All of the outputs of the detectors 60-74 are coupled to a common line or node 76. Provision is made for addressing selected detectors so that they may operate to switch a signal from one or more of the eight optical input channels to the output receiver connected to the crossbar row outputs 78(a-h). It has been found that advantageous results can be obtained if the nonaddressed detectors 60-74 are placed into a substantially open circuit condition while applying a bias voltage only to those detectors desired to respond to the light incident upon them. Normally, only one detector is addressed or activated at one time. This so called "zero-current" operation substantially simplifies the addressing scheme required while also minimizing crssstalk between detectors. To this end, a complimentary metal oxide semiconductor (CMOS) multiplexer 80 is employed to selectively couple a suitable bias source VB to one or more of the detectors 60-74. CMOS devices for the multiplexer 80 are preferred because of their extremely large input impedance when in the nonconducting state. When each detector is in the "off" state or nonaddressed state, the gate-to-source potential of its associated CMOS device 89-96 is much greater than the pinch off voltage for the FET. Thus, the potential across the MSM detector 60-74 will be zero. Thus, due to the lack of photovoltaic effect characteristic of the MSM detector its photocurrent is also zero. Hence, when the CMOS device 82-96 is in the "off" state, the detector 60-74 response is zero independent of whether or not there is an optical signal incident thereon. This provides for a high degree of isolation between detectors which are in the "off" state and the "on" states. A photodetector can be switched to the "on" state by appropriately applying control signals to the control input lines 98-102 to the multiplexer 80. The combination of signals on these lines is decoded and used by the multiplexer 80 to provide the appropriate gate voltage on one of the CMOS devices 82-96 so that it will conduct and thereby connect the bias voltage VB to the selected detector. In this embodiment, the desired photodetector is addressed (or switched "on") by setting the gate voltage to zero.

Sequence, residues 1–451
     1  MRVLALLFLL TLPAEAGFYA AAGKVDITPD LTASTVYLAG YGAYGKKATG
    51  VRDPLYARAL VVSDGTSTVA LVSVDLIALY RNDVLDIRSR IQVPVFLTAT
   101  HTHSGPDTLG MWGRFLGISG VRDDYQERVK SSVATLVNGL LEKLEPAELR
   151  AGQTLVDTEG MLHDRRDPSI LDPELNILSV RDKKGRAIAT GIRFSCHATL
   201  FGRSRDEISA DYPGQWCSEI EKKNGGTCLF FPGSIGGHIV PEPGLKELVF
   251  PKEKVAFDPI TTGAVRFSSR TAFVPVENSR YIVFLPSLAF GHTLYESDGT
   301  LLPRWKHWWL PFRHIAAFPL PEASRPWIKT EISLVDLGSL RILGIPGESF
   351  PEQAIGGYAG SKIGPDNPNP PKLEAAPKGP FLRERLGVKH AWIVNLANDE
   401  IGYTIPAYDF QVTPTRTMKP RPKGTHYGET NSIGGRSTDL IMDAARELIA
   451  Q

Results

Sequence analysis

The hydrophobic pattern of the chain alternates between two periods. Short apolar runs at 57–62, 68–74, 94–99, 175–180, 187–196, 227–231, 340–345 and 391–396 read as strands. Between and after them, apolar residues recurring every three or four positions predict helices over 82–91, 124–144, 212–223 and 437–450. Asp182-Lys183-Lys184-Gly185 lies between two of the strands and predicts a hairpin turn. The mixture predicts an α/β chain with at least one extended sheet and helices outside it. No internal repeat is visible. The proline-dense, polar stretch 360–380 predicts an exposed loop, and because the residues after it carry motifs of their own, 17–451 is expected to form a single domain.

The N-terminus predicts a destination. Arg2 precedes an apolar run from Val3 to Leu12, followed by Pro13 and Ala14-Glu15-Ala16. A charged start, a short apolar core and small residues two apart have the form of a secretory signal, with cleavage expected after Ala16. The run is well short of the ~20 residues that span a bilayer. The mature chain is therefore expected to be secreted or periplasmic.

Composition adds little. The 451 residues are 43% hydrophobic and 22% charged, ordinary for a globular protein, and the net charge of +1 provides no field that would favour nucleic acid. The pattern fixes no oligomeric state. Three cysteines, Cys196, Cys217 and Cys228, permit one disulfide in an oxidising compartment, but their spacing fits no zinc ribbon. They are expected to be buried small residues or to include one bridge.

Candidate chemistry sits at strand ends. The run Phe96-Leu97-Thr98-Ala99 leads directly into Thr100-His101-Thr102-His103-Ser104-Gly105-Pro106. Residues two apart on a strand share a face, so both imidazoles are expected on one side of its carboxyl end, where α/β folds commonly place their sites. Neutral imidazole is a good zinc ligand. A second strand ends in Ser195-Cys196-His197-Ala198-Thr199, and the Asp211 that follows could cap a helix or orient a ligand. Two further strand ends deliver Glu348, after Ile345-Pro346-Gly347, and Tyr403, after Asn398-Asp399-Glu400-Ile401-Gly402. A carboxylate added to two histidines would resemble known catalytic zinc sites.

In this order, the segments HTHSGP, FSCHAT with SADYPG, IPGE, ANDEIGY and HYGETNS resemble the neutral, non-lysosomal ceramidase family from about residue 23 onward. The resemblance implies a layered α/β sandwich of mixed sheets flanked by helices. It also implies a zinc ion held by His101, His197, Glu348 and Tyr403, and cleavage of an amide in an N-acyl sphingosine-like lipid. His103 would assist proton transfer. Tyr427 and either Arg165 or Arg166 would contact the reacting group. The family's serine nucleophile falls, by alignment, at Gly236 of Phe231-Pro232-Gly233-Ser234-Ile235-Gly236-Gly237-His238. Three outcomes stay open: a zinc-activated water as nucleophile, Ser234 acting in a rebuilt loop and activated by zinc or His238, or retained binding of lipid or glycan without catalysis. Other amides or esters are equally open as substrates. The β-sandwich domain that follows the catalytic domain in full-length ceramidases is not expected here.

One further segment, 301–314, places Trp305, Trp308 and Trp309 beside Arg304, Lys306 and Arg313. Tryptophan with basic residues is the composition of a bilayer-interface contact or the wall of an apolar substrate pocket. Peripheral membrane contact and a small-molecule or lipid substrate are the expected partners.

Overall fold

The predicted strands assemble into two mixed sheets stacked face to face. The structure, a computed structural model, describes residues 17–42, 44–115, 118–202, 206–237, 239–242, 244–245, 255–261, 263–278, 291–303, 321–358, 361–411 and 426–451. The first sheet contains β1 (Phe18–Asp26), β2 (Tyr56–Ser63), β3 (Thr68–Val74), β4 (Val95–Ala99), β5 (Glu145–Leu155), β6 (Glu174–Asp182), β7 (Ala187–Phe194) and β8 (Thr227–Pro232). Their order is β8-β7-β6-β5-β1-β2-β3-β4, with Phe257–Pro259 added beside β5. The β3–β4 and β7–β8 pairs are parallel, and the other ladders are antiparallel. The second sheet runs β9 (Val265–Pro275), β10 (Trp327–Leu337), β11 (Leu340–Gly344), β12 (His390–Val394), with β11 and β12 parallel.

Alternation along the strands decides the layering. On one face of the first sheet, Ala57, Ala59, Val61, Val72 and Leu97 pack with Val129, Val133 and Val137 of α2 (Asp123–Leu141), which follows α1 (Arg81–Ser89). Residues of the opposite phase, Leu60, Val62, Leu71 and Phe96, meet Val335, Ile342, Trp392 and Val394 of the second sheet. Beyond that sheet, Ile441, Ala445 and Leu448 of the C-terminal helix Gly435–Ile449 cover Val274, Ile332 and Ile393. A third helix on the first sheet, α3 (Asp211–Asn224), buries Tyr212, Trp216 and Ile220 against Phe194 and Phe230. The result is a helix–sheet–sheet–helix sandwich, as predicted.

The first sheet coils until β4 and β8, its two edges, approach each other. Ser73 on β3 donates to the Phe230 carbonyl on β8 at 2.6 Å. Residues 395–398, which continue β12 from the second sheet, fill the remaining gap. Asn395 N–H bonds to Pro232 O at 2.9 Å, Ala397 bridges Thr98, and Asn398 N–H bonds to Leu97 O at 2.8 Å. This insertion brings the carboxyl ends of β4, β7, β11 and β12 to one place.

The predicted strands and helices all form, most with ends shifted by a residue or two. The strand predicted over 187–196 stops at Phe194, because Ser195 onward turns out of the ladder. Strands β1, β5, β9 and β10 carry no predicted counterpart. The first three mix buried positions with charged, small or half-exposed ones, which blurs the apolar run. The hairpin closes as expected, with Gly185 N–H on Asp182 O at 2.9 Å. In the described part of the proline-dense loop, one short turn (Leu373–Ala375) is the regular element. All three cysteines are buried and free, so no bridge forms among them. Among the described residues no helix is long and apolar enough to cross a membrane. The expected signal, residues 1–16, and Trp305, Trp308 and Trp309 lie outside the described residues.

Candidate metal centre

Note that this circuit provides for superior low noise performance than earlier known architectures where the detection element is switched to ground potential when in the "off" state. In this latter situation, a small photocurrent can be generated by the photodetector since such a current will generate a small voltage. Accordingly, a small signal can appear at the output of the receiver which can interfere with the photocurrent generated by the photodetectors in the "on" state. Other noise sources are minimized in this configuration. The effects of thermal resistance noise are minimized by the high resistances in each of the "off" state detectors. The total capacitance of the detector array is lessened by the series combination of the detector and CMOS switch capacitances. Lastly, the effect of light modulated conductances on the diodes has a minimal effect on input noise because of the series conductance of the CMOS switch.
The developed photocurrent from the addressed detector is coupled to node 76 and fed to the input of a preamplifier 104 which serves as a current to voltage converter for generating a voltage output signal as a function of the electrical current from one of the photodetectors. Its output is coupled to an amplifier circuit 106 which serves to boost the preamplified voltage to a level suitable for use by the optical repeaters which are coupled to the output lines 78(a-h) in a conventional manner. It is important to note that only one amplification network 108 is required for each row in the crossbar network 50. Accordingly, the number of components has been kept to a minimum, especially as compared to the prior art device shown in FIG. 1 which requires a preamplifier for every detector.
The various advantages of the present invention will become apparent to those skilled in the art after having the benefit of reading the specification, studying the drawings and by reference to the following claims.
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|U.S. Classification||398/55, 398/45, 250/553, 385/17|
|International Classification||H04Q3/52, H04B10/02, H03K17/693, H03K17/78|
|Mar 31, 1988||AS||Assignment|
Owner name: HUGHES AIRCRAFT COMPANY, EL SEGUNDO, CA, A DE CORP
Free format text: ASSIGNMENT OF ASSIGNORS INTEREST.;ASSIGNORS:JONES, VINCENT, L.;FORREST, STEPHEN, R.;TANGONAN, GREGORY L.;REEL/FRAME:004846/0888;SIGNING DATES FROM 19880129 TO 19880226
Owner name: HUGHES AIRCRAFT COMPANY,CALIFORNIA
Free format text: ASSIGNMENT OF ASSIGNORS INTEREST;ASSIGNORS:JONES, VINCENT, L.;FORREST, STEPHEN, R.;TANGONAN, GREGORY L.;SIGNING DATES FROM 19880129 TO 19880226;REEL/FRAME:004846/0888
|Nov 2, 1993||CC||Certificate of correction|
|Feb 28, 1994||FPAY||Fee payment|
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|Mar 24, 1998||REMI||Maintenance fee reminder mailed|
|Apr 30, 1998||AS||Assignment|
Owner name: HUGHES ELECTRONICS CORPORATION, CALIFORNIA
Free format text: ASSIGNMENT OF ASSIGNORS INTEREST;ASSIGNOR:HE HOLDINGS INC., HUGHES ELECTRONICS FORMERLY KNOWN AS HUGHES AIRCRAFT COMPANY;REEL/FRAME:009350/0366
Effective date: 19971217